Conway reiterated Flynn's participation in his national security role several times during an interview on Good Morning America, and was also careful to cast Flynn as possibly "forgetful." Notably, she did not say what Trump did or did not know:

STEPHANOPOULOS: The White House counsel was told by Sally Yates of the Justice Department that General Flynn was vulnerable to Russian blackmail. Did the White House counsel tell President Trump that?

CONWAY: I don't know the answer to that, and President Trump has asked me to join you today to say that he accepted the resignation of General Flynn, and really the key here in that resignation is very simple. It's that the vice president, Mike Pence, was misled by General Flynn, or General Flynn could not completely recall what his conversations had been with the Russian ambassador.

STEPHANOPOULOS: But, Kellyanne, the White House knew that almost three weeks ago. They knew that after the Justice Department told the White House counsel Don McGahn, almost three weeks ago, that General Flynn had not told the truth about those phone calls and was vulnerable to Russian blackmail.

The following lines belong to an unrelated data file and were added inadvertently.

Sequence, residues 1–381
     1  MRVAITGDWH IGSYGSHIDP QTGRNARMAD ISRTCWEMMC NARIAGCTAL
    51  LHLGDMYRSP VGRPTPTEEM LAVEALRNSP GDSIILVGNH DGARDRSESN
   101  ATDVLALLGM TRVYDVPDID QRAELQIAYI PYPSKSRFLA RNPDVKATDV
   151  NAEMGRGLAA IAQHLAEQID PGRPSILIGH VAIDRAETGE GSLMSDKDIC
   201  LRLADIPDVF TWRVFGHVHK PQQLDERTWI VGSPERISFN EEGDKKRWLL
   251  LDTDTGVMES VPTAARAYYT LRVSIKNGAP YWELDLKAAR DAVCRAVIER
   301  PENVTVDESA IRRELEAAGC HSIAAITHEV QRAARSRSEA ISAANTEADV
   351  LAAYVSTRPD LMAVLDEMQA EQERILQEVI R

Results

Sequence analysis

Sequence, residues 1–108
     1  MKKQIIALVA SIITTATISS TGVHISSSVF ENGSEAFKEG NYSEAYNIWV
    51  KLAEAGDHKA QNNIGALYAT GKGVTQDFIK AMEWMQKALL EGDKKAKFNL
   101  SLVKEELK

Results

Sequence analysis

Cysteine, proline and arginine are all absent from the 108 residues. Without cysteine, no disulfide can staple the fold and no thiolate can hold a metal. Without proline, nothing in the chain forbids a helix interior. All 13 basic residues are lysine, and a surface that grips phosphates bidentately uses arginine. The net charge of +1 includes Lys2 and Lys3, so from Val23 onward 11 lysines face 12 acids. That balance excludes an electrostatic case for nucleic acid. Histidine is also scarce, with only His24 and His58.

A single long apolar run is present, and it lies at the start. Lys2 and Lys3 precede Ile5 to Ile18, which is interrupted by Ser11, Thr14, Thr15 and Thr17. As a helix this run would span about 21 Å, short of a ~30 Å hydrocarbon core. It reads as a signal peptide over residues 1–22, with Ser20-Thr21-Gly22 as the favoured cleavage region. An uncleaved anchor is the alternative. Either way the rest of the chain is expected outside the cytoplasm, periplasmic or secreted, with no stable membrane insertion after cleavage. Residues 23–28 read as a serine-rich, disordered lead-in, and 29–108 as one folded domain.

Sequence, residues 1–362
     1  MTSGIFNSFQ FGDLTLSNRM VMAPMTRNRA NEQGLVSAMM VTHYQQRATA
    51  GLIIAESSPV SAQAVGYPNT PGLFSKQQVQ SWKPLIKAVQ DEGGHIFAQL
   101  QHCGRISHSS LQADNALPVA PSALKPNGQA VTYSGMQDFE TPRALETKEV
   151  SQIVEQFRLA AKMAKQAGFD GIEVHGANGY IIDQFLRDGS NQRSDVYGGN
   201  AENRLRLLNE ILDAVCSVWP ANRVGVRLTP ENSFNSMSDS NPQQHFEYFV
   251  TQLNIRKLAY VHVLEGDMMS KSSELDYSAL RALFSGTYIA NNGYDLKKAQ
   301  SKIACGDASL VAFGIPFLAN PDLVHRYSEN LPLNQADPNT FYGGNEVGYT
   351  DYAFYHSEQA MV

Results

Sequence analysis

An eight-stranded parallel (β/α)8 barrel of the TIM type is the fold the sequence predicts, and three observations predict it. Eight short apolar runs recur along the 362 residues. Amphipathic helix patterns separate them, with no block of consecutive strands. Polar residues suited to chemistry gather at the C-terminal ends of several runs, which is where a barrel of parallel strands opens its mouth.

CONWAY: These are what are in printed reports, but the fact is that I can't reveal what the White House knew or didn't know, and who in the White House knew or didn't know. All I can tell you is that General Flynn, as the National Security Advisor to the president, continued in that role and the president also wants me to refer everyone to the comments of Charles Krauthammer last night on a different network, wherein he makes the point that it's not this contact or this incident, necessarily, it's the misleading of the vice president, or the incomplete information. It's either — it's being dishonest or forgetful, and I'd like to say that General Flynn had a 30-plus year honorable career in the military, he's one of the one of the chief intelligence officers, key intelligence officers of a generation, and we're sorry for this situation. But the president accepted his resignation and he's moving on.

What Conway is attempting to do (badly) is to imply that Trump did not know Flynn was compromised, without actually saying that. What she is actually succeeding at is proving the point that Trump compromised national security by continuing Flynn's sensitive role right up until the minute he resigned, even after reports of Flynn's misconduct became public.

Of course, it does not stop there, because Flynn's contacts with Russia predated the election, and Trump's public actions alone indicate actions in concert with Russia, including the weakening of the Republican platform toward Ukraine, the open solicitation of espionage against Hillary Clinton, and Trump's public confirmation that Putin was "smart" to delay a response to Obama's sanctions.

In fact, Conway was directly asked if Flynn was acting on orders, and gave this alarmingly careful response: